Saturday, January 31, 2015

Book & App Review: Noisy Sing-along Collection

The NOISY SING-ALONG collection by John Himmelman is a wonderful way to connect children with science and nature. Available as both print books, e-books, and apps, you’ll want to get all three for your library.
Designed for pre-K through grade 3, NOISY BIRD SING-ALONG is the latest addition in this nature awareness series. The print book and e-book includes large, colorful illustrations of robins, sparrows, owls, mallards, and more. Colorful text is used to introduce the sound of each bird. In addition to information about the bird and sound, the habits and habitat of each bird is described.
This easy concept book would be an effective way to introduce young children to informational reading. In addition, the text is easy enough for primary grade readers to enjoy independently. The Fun Facts and Things to Do pages are useful for older children, teachers, and parents.
In addition to the print version, an app version is available for NOISY BUG SING-ALONG and NOISY FROG SING-ALONG. One advantage to the app is that children can hear the sounds. App designer Malachi Bazan successfully adapted the print books to the app environment. Users have two easy-to-use options for reading: Read to Me and Read to Myself. The Read to Me option highlights each word as it’s read by an engaging narrator. Clicking on the illustrations generates simple animation. A matching game builds in the facts found at the end of the print version of the book and actively involves readers with the sounds.
Active listening is an important skill. Getting children involved with identifying creature sounds is an excellent way to develop observational skills using the auditory channel. This book series would be an outstanding addition to an elementary school library collection.
To learn more about bird sounds, explore Songs & Calls at Their free bird guide contains hundreds of sounds to explore. Go to
The Noisy Sing-Along collection is published by Dawn Publications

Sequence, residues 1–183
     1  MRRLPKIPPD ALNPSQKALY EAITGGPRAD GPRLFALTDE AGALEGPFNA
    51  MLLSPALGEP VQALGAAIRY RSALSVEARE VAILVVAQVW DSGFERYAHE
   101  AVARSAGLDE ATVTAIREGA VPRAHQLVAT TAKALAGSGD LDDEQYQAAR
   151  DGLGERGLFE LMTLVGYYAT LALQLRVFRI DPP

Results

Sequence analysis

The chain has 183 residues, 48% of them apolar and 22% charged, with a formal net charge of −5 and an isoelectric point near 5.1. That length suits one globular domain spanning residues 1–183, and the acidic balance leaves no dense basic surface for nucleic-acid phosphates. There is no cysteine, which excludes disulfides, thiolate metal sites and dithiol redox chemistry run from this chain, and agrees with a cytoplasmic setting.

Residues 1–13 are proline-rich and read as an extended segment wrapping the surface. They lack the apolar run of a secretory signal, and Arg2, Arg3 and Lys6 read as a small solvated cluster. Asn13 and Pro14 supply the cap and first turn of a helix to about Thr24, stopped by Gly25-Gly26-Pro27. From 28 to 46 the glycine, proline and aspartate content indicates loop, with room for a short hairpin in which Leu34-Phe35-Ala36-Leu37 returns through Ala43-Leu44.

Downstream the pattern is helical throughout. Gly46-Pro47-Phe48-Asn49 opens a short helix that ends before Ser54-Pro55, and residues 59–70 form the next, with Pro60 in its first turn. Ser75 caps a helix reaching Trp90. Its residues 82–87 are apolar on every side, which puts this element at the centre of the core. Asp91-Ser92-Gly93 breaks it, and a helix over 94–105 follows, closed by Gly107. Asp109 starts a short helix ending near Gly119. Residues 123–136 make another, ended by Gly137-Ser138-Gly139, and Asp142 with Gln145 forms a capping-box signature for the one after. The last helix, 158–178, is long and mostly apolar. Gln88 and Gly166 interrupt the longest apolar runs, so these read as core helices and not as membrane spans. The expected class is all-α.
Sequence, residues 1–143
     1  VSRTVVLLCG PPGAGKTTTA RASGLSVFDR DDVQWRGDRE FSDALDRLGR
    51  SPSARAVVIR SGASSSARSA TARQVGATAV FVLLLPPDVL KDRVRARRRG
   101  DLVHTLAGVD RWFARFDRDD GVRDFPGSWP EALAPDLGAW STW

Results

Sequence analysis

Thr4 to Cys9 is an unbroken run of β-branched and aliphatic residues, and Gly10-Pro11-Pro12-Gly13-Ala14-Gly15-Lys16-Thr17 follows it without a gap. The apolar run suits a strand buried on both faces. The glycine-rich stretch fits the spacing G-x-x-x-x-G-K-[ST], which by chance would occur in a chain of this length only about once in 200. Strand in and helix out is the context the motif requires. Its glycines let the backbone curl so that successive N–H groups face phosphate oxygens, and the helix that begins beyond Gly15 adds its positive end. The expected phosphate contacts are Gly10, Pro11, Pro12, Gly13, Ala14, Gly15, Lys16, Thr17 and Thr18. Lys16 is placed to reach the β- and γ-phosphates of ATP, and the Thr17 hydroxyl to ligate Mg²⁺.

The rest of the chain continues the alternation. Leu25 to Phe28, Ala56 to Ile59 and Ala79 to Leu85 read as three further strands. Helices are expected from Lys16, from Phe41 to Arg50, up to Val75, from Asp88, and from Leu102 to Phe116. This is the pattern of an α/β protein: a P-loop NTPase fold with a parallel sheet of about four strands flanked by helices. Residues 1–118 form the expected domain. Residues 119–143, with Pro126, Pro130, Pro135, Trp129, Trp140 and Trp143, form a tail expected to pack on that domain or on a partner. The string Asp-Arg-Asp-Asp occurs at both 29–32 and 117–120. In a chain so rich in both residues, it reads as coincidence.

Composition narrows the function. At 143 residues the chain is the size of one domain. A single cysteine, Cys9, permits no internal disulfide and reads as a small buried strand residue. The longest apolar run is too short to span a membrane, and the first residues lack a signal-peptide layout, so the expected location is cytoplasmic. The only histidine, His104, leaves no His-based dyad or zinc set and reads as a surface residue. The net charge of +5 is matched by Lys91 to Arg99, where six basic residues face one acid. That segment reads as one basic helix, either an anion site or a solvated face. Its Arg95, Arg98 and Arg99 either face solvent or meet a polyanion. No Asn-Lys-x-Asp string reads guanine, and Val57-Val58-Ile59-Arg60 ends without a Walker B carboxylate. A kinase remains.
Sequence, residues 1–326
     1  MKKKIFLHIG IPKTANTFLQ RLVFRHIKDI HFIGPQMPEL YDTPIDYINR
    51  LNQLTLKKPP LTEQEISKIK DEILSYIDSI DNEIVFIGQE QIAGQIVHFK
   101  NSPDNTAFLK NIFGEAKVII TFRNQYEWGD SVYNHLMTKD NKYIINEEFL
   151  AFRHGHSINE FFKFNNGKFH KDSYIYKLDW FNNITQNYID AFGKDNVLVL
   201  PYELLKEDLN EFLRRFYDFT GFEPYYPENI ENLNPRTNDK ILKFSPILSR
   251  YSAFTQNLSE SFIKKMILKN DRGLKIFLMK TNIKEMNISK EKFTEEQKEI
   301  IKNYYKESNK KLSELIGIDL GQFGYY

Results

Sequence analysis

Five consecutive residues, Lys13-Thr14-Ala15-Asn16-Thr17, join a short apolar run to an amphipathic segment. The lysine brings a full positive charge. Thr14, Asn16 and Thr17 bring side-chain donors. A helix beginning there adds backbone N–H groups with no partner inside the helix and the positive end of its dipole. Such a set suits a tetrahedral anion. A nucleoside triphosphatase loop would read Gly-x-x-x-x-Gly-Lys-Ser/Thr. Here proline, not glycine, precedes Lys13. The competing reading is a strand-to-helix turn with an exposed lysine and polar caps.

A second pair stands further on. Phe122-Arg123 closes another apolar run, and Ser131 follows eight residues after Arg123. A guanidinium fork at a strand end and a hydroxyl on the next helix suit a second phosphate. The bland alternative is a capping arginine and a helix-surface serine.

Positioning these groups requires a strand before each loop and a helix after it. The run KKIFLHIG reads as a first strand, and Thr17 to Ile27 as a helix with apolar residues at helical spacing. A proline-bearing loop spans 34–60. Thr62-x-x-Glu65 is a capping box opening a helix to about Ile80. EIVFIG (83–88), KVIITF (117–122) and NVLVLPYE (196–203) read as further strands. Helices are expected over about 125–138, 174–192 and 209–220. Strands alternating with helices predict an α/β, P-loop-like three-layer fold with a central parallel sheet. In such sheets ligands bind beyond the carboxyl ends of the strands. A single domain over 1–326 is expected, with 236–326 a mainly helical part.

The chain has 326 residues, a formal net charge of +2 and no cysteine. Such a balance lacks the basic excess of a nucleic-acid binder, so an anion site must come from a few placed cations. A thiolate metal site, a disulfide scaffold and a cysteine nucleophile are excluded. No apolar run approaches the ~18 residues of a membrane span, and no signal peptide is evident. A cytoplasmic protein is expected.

Friday, January 30, 2015

SPIC-AND-SPAN!: LILLIAN GILBERT’S WONDER KITCHEN by Monica Kulling tells the inspiring true story of an ingenious woman who used creativity and perseverance to succeed. From factory assembly lines to kitchen layouts, Lillian Gilbreth spent her life looking for ways to make everyday tasks more efficient. The mother of eleven children, she applied what she learned at home to inventions and ideas that everyone could use.
Monica Kulling’s narrative skillfully weaves useful facts into a fascinating story, while David Parkins’ appealing illustrations match perfectly with the tone of this informational reading experience.
SPIC-AND-SPAN is Monica Kulling’s latest addition to her popular “Great Idea” series featuring the lives of inventors and their inventions. Use the books in a literature circle focusing on informational reading, biography, and inventions.
Unfortunately, children aren’t likely to pick up this book on their own. Teachers librarians will need to think of creative ways to market SPIC-AND-SPAN with children. Consider ways to connect the book with other science and engineering books. Or, focus on the biographical elements and connect them with other books about people. This would be a wonderful book to feature during Women’s History Month. Build a display focusing on woman engineers.